Tuesday, September 29, 2009

Wolf Pack Covers

Here's another fun cover theme that has been used much more often than you might think. The earliest example I could find is Creig Flessel cover New Adventure Comics #23 from 1938. Here are a few more that followed its lead.

Fight Comics is a wonderful source for awesome covers, and the cover to Fight Comics #10 (October, 1940)is no exception. Here, the dreaded "Wolves of the Yukon" attack a young couple out for a romantic snowshoe. Luckily, they brought along some firearms. This cover is by Dan Zolnerowich, a name which is new to me but he seems quite capable of delivering an exciting Golden Age cover. I'm sure that this couple wished they'd trust their gut instincts and gone to Niagara Falls for their honeymoon.

Next up is the impeccable cover to House of Secrets #146 (June-July 1977) by the impeccable Gray Morrow. Now, I've probably said it a thousand times, but I loooooove Gray Morrow. He didn't do too many covers for DC in the 70s, and that's a real shame as he was at his artistic peak and they had many titles that would have been a great fit for his style. There are some really interesting color choices on this cover as well. This poor sap is having a rough day, as he is dealing not just with five hungry wolves but a bear trap and the ghost of a crazy recluse. Oh yeah, he's also dropped his shotgun.

LB Cole produced some amazing covers during his comic book career, but not many are as gorgeous (and as highly coveted) as the cover to Cat-Man Comics #31 (June, 1946). It is simply gorgeous, with a circle of wolves set against a the wonderful backdrop of falling snow and sheer blackness. This is a truly singular cover and has earned its place among the truly great covers of the 40s. I love how the wolves, as well as their trainer, are emerging from the darkness. I love the use of black, which was pretty rare back then. We feel as though we've just dropped into a truly perilous situation. How could anyone have passed it up back then? It's also got a Pieta vibe, so that an nice bonus.

You just had to know that Berni Wrightson would produce a wolfpack cover (although, these guys are leaning more towards the werewolf category), and he did a great one with the cover to Weird Mystery Tales #21 (August, 1975). I like this one because we're dealing with the anticipation of the attack, as our hero is steadying himself against the tree wondering how many hacks he'll get in before he's taken down. It is signed 'Wrightson '73), so I don't know if it was originally intended for a different book or series. I've seen that elsewhere with covers and splashes pages during this era at DC. My guess is that they were commissioning as much as possible from Wrightson, Kaluta et al. and using it when they could. Weird Mystery Tales is one of those nearly forgotten horror titles that was really quite strong.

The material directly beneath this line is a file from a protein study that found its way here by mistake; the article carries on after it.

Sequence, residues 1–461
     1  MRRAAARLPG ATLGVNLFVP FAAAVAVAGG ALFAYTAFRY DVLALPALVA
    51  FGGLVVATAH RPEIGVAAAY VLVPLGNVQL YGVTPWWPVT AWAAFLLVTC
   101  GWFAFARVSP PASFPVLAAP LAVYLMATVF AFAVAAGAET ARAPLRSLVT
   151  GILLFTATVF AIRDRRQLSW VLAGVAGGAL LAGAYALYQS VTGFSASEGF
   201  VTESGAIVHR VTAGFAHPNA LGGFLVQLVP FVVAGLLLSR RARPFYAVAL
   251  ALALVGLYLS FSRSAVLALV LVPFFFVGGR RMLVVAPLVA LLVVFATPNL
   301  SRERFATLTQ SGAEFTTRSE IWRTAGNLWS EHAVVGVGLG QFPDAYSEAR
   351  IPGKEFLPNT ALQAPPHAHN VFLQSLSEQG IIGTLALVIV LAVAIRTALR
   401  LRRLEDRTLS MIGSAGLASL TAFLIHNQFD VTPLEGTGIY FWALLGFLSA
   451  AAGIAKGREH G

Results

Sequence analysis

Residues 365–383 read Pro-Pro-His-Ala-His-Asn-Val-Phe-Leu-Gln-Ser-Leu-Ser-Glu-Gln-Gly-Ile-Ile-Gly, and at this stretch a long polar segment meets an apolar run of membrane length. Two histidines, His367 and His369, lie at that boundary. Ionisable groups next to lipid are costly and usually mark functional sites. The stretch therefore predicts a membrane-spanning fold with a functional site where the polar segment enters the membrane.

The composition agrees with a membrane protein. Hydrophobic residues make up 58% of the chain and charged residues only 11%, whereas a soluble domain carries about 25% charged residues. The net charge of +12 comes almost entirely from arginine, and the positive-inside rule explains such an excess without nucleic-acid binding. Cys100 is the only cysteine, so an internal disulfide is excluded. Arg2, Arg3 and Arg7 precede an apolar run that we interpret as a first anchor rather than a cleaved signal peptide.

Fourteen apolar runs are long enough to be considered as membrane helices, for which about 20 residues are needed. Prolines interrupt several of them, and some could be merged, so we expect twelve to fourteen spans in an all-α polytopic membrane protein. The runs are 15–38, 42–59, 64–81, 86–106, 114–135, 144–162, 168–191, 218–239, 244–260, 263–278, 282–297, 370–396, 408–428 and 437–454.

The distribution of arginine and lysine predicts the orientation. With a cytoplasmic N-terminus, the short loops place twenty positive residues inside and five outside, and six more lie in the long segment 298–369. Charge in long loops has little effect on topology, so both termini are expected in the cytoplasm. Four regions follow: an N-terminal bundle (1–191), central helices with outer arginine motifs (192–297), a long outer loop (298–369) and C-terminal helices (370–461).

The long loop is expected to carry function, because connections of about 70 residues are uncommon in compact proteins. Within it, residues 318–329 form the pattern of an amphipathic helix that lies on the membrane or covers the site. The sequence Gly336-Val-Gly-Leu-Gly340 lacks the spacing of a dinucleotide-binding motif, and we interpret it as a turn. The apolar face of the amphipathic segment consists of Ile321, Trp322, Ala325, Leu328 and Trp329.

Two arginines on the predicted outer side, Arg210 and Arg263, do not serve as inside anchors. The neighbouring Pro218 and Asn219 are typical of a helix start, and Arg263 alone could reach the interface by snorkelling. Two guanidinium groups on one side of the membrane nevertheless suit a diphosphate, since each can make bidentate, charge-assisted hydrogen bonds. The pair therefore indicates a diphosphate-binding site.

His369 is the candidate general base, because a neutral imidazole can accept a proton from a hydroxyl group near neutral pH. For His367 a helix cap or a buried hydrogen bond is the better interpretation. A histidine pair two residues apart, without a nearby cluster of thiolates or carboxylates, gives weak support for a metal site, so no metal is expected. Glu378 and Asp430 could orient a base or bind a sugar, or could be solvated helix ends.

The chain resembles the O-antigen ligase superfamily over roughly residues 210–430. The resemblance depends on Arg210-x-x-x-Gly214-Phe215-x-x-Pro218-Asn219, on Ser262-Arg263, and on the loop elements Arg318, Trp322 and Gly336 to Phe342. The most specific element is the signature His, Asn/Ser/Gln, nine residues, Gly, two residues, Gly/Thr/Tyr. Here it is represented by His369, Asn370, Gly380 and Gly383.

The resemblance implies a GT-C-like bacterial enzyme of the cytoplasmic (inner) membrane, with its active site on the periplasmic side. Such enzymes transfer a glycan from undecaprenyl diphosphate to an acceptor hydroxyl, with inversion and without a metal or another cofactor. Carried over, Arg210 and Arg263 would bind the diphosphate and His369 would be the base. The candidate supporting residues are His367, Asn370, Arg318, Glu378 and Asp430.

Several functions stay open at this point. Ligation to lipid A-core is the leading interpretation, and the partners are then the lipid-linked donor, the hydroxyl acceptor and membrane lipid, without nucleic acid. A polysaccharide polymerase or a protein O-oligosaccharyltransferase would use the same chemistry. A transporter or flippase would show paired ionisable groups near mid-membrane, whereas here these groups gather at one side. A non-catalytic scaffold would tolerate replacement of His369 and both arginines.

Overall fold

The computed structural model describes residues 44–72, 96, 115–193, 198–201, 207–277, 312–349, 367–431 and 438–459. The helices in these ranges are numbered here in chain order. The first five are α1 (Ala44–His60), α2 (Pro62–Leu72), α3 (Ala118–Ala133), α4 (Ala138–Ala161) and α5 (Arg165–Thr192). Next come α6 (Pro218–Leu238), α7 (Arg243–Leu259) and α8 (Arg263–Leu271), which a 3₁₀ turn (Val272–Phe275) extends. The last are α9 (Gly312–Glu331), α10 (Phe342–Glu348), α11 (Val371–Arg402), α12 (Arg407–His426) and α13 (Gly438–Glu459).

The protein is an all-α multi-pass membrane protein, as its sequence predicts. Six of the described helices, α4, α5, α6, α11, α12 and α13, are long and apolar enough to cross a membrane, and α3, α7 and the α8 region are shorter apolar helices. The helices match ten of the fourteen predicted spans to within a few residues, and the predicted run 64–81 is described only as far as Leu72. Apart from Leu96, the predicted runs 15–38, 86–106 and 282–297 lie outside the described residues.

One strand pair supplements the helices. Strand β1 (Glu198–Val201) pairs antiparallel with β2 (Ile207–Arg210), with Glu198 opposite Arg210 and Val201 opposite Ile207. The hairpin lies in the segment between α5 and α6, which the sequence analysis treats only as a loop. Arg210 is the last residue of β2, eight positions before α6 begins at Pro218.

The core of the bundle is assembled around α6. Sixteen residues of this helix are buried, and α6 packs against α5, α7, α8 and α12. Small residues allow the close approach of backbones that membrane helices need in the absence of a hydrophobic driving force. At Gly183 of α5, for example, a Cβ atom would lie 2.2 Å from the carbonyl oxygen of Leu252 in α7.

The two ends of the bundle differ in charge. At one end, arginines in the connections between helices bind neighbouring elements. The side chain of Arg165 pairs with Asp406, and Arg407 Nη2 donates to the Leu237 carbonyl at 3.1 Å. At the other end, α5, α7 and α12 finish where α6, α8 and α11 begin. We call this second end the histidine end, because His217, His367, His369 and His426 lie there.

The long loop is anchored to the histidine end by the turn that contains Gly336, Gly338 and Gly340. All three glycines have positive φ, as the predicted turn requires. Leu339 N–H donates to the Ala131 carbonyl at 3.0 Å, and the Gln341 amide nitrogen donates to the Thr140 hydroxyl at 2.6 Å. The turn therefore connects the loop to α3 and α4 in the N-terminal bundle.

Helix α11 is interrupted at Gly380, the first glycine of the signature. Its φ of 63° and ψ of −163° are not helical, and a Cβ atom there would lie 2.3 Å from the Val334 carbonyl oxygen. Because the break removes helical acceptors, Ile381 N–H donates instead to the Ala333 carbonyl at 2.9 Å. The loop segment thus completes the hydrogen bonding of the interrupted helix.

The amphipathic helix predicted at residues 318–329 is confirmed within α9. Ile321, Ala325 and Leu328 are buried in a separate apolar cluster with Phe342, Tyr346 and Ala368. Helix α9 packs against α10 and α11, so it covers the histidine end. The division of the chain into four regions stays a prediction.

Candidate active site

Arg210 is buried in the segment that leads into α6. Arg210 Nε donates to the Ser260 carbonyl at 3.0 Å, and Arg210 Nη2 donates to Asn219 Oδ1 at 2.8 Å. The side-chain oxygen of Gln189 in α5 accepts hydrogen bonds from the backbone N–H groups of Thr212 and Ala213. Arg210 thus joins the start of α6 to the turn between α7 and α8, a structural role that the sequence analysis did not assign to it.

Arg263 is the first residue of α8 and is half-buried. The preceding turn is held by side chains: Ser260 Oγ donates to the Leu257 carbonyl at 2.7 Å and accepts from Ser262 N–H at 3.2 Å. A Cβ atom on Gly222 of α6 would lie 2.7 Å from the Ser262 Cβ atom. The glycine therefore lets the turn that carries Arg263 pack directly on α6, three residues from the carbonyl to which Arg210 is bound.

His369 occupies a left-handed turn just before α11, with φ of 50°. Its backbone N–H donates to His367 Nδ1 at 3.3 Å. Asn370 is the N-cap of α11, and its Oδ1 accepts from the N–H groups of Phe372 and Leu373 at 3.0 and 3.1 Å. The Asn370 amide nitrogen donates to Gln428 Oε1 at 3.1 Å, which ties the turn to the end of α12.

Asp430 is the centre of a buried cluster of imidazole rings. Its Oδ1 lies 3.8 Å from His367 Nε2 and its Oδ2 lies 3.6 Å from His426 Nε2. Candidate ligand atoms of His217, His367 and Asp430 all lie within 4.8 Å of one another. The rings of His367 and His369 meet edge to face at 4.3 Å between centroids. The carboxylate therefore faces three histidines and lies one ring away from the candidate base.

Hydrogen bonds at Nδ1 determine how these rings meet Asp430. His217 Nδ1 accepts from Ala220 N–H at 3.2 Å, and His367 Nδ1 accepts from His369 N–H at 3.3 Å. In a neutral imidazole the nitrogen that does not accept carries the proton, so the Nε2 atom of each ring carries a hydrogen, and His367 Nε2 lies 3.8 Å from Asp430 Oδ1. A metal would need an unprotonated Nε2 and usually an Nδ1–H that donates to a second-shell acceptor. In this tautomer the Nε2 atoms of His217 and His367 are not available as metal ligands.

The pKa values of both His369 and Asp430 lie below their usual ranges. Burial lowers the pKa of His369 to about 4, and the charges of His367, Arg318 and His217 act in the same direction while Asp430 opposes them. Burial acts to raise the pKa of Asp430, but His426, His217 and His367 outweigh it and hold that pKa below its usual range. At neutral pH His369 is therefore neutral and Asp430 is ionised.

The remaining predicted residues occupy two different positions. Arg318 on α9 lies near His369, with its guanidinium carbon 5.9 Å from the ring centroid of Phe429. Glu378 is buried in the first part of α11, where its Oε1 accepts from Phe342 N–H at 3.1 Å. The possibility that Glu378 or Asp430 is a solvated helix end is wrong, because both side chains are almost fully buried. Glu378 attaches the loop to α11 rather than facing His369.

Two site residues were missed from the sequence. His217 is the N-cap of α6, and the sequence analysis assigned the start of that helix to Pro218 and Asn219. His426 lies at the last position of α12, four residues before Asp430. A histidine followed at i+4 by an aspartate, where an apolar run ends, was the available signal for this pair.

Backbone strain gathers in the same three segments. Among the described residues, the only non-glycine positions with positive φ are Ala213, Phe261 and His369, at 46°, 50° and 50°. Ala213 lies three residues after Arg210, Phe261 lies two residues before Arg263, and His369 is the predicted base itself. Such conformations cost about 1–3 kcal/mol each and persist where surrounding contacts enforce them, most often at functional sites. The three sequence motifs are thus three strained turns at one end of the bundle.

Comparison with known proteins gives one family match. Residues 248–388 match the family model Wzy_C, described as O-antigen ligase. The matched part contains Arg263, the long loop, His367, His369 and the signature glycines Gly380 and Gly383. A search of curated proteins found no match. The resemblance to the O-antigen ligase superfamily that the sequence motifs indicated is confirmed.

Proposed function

Man of Bronze said...

About the WEIRD MYSTERY TALES series, and the 1972 Wrightson cover for a 1975 book, you bring an interesting question.

I suspect that this series was put up mainly with leftovers inventory from the many other horror anthologies (oh how I miss all those anthology series) the DC line had back then.

I know the Kirby stories in the first two issues of the WMT series were inventory from a failed project of a magazine about the supernatural (dont remember the title but it was suppose to be a new line of more adult-oriented project by Kirby, like the IN THE DAYS OF THE MOB thing)

In the first half of the 70's, DC was trying to compete with Marvel in putting out as many titles they could come up with to glut the market.

By 1975 (when WEIRD MYSTERY TALES was cancelled), the DC implosion had begun. Lots of cool and interesting series never had the chance to grow (my personnal favorite was STALKER drawn by the superb team of Steve Ditko and Wally Wood)

Aaron Bias said...

Do you think that CatMan cover influenced the George Perez Crisis cover with Superman holding Supergirl's dead body?

Scott M said...

Well, the COII #7 cover it's often included as an example of a 'Pieta Cover' - but that's up for debate (I'm kind of inclined to only include 'seated Pietas' as true Pieta covers).

Here's a link to a blog with a million examples (but not the Cat Man cover, for some reason).